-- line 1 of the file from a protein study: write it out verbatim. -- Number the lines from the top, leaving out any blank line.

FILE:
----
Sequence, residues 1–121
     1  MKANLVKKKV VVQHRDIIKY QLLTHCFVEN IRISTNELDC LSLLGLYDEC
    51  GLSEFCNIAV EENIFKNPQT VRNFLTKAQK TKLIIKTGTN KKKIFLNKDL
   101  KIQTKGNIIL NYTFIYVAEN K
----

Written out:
Sequence, residues 1–121